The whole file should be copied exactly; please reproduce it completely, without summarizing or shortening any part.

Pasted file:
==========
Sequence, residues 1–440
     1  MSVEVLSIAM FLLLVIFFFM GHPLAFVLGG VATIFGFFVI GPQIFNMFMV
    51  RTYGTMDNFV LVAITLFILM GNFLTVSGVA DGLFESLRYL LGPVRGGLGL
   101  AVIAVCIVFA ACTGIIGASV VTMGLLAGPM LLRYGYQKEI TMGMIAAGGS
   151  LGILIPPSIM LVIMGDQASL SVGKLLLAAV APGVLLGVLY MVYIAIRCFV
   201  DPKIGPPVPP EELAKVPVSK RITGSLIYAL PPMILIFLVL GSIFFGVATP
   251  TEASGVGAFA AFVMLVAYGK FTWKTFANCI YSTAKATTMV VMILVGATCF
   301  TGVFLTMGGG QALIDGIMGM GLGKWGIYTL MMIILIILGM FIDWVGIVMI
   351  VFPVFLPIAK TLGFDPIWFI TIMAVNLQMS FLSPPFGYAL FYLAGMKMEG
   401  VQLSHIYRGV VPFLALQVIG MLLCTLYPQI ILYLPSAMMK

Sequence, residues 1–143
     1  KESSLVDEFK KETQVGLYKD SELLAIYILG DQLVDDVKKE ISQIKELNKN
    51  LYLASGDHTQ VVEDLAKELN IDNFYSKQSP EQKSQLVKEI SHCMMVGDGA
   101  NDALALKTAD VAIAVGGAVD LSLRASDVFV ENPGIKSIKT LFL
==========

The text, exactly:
Sequence, residues 1–440
     1  MSVEVLSIAM FLLLVIFFFM GHPLAFVLGG VATIFGFFVI GPQIFNMFMV
    51  RTYGTMDNFV LVAITLFILM GNFLTVSGVA DGLFESLRYL LGPVRGGLGL
   101  AVIAVCIVFA ACTGIIGASV VTMGLLAGPM LLRYGYQKEI TMGMIAAGGS
   151  LGILIPPSIM LVIMGDQASL SVGKLLLAAV APGVLLGVLY MVYIAIRCFV
   201  DPKIGPPVPP EELAKVPVSK RITGSLIYAL PPMILIFLVL GSIFFGVATP
   251  TEASGVGAFA AFVMLVAYGK FTWKTFANCI YSTAKATTMV VMILVGATCF
   301  TGVFLTMGGG QALIDGIMGM GLGKWGIYTL MMIILIILGM FIDWVGIVMI
   351  VFPVFLPIAK TLGFDPIWFI TIMAVNLQMS FLSPPFGYAL FYLAGMKMEG
   401  VQLSHIYRGV VPFLALQVIG MLLCTLYPQI ILYLPSAMMK

Sequence, residues 1–143
     1  KESSLVDEFK KETQVGLYKD SELLAIYILG DQLVDDVKKE ISQIKELNKN
    51  LYLASGDHTQ VVEDLAKELN IDNFYSKQSP EQKSQLVKEI SHCMMVGDGA
   101  NDALALKTAD VAIAVGGAVD LSLRASDVFV ENPGIKSIKT LFL